(adsbygoogle = window.adsbygoogle || []).push({}); 1. The problem statement, all variables and given/known data

Assume that [tex] f:[a,b] \rightarrow \mathbb{R} [/tex] is continuously differentiable. A critical point of f is an x such that [tex] f'(x) = 0 [/tex]. A critical value is a number y such that for at least one critical point x, y = f(x). Prove that the set of critical values is a zero set.

2. Relevant equations

A set Z is said to be a zero set if for each [itex] \epsilon [/itex] there is a countable covering of Z by open intervals [tex] (a_i , b_i) [/tex] such that [itex] \sum_{n=1}^\infty} b_i - a_i \leq \epsilon [/itex]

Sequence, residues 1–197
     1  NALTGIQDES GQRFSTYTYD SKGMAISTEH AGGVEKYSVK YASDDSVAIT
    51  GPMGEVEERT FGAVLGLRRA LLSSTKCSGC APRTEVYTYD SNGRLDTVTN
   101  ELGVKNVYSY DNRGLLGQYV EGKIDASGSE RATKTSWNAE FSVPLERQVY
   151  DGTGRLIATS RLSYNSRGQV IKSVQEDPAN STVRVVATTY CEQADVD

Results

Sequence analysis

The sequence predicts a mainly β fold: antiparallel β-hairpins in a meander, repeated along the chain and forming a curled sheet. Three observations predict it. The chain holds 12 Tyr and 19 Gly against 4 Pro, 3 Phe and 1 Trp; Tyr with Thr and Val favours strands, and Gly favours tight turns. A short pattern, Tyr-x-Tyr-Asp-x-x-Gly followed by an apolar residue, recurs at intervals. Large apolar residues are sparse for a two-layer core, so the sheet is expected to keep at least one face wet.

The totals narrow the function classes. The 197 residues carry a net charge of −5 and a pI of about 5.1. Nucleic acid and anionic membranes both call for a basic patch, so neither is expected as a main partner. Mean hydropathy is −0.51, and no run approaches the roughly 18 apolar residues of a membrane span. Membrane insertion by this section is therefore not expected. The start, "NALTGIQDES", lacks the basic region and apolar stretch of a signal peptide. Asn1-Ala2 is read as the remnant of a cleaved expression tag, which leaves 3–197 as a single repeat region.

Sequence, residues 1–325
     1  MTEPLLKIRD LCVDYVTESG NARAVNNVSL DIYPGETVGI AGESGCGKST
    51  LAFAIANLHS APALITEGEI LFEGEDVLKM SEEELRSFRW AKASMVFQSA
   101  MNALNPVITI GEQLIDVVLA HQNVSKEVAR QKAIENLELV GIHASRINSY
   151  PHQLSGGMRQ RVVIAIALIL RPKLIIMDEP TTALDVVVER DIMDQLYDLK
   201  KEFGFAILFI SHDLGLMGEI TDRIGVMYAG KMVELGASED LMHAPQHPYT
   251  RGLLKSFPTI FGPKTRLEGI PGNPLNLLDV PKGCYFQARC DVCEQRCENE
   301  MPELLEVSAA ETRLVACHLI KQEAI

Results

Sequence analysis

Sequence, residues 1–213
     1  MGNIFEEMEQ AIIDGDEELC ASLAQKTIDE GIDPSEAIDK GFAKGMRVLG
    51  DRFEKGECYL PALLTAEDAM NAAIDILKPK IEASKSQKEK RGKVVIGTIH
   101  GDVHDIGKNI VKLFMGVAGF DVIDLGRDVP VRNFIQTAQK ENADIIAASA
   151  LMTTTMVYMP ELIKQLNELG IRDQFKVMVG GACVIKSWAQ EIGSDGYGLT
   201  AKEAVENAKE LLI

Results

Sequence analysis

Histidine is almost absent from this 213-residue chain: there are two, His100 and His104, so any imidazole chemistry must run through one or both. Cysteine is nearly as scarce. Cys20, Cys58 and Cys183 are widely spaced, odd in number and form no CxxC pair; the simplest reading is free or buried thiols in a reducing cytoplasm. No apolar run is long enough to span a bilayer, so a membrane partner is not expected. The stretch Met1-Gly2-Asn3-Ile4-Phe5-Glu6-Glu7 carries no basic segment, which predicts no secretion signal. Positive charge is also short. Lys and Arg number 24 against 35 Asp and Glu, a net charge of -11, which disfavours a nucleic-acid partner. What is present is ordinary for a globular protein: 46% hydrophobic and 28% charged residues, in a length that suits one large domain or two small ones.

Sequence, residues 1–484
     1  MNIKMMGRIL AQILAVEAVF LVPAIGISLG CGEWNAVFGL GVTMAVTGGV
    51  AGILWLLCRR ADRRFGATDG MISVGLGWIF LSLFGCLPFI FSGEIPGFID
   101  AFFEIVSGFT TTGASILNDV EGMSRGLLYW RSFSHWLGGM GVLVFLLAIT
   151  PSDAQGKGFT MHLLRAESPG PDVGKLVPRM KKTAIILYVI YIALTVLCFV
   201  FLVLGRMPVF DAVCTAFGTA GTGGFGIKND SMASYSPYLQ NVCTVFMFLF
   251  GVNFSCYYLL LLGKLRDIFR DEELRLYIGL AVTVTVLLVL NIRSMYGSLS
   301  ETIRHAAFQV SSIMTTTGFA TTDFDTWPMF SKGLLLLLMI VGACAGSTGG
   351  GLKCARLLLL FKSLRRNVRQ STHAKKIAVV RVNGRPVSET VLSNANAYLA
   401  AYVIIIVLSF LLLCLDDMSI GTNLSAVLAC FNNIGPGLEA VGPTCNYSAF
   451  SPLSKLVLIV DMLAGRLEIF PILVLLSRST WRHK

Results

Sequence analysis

3. The attempt at a solution

I'm not even sure really where to start with this one. Normally when I start a problem, I always check to make sure that it intuitively makes sense. If we let C be the set of critical points, then the goal is to show f(C) has measure zero, but I really don't see how to approach this problem. I don't really see how to use the fact that the derivative is continuous. I'd love a hint in the right direction to start or something, as this has me pretty baffled. Thanks!

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# Homework Help: Smooth function's set of critical values

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